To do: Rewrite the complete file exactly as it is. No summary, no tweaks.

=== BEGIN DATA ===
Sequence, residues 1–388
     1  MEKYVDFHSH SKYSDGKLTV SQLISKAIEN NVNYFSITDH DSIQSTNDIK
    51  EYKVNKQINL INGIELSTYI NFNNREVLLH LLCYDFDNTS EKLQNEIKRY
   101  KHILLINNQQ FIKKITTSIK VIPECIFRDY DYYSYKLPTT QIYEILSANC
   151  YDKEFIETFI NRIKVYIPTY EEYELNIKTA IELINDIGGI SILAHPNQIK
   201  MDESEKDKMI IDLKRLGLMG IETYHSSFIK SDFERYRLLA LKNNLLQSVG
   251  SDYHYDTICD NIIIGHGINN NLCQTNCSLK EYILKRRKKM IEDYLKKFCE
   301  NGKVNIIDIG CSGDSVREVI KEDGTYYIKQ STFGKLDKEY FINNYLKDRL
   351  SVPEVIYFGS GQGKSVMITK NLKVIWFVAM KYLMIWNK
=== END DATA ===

Sequence, residues 1–388
     1  MEKYVDFHSH SKYSDGKLTV SQLISKAIEN NVNYFSITDH DSIQSTNDIK
    51  EYKVNKQINL INGIELSTYI NFNNREVLLH LLCYDFDNTS EKLQNEIKRY
   101  KHILLINNQQ FIKKITTSIK VIPECIFRDY DYYSYKLPTT QIYEILSANC
   151  YDKEFIETFI NRIKVYIPTY EEYELNIKTA IELINDIGGI SILAHPNQIK
   201  MDESEKDKMI IDLKRLGLMG IETYHSSFIK SDFERYRLLA LKNNLLQSVG
   251  SDYHYDTICD NIIIGHGINN NLCQTNCSLK EYILKRRKKM IEDYLKKFCE
   301  NGKVNIIDIG CSGDSVREVI KEDGTYYIKQ STFGKLDKEY FINNYLKDRL
   351  SVPEVIYFGS GQGKSVMITK NLKVIWFVAM KYLMIWNK